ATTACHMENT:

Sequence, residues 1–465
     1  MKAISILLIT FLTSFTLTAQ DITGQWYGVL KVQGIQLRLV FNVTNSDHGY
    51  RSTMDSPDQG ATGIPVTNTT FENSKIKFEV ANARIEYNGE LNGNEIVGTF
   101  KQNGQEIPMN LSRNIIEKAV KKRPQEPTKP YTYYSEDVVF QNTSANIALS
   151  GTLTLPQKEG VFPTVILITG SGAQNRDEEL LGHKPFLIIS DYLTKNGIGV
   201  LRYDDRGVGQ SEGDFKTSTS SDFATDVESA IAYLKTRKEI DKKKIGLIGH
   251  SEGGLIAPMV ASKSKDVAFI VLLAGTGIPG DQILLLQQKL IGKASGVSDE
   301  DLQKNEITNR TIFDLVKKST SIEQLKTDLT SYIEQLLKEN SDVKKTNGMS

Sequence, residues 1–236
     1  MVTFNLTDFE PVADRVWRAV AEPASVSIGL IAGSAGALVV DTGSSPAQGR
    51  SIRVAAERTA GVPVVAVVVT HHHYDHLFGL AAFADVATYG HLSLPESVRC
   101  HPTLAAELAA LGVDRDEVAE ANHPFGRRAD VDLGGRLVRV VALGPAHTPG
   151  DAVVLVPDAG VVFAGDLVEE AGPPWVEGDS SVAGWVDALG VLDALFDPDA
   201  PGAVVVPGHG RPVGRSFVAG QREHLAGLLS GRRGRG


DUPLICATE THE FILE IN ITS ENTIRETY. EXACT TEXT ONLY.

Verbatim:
Sequence, residues 1–465
     1  MKAISILLIT FLTSFTLTAQ DITGQWYGVL KVQGIQLRLV FNVTNSDHGY
    51  RSTMDSPDQG ATGIPVTNTT FENSKIKFEV ANARIEYNGE LNGNEIVGTF
   101  KQNGQEIPMN LSRNIIEKAV KKRPQEPTKP YTYYSEDVVF QNTSANIALS
   151  GTLTLPQKEG VFPTVILITG SGAQNRDEEL LGHKPFLIIS DYLTKNGIGV
   201  LRYDDRGVGQ SEGDFKTSTS SDFATDVESA IAYLKTRKEI DKKKIGLIGH
   251  SEGGLIAPMV ASKSKDVAFI VLLAGTGIPG DQILLLQQKL IGKASGVSDE
   301  DLQKNEITNR TIFDLVKKST SIEQLKTDLT SYIEQLLKEN SDVKKTNGMS

Sequence, residues 1–236
     1  MVTFNLTDFE PVADRVWRAV AEPASVSIGL IAGSAGALVV DTGSSPAQGR
    51  SIRVAAERTA GVPVVAVVVT HHHYDHLFGL AAFADVATYG HLSLPESVRC
   101  HPTLAAELAA LGVDRDEVAE ANHPFGRRAD VDLGGRLVRV VALGPAHTPG
   151  DAVVLVPDAG VVFAGDLVEE AGPPWVEGDS SVAGWVDALG VLDALFDPDA
   201  PGAVVVPGHG RPVGRSFVAG QREHLAGLLS GRRGRG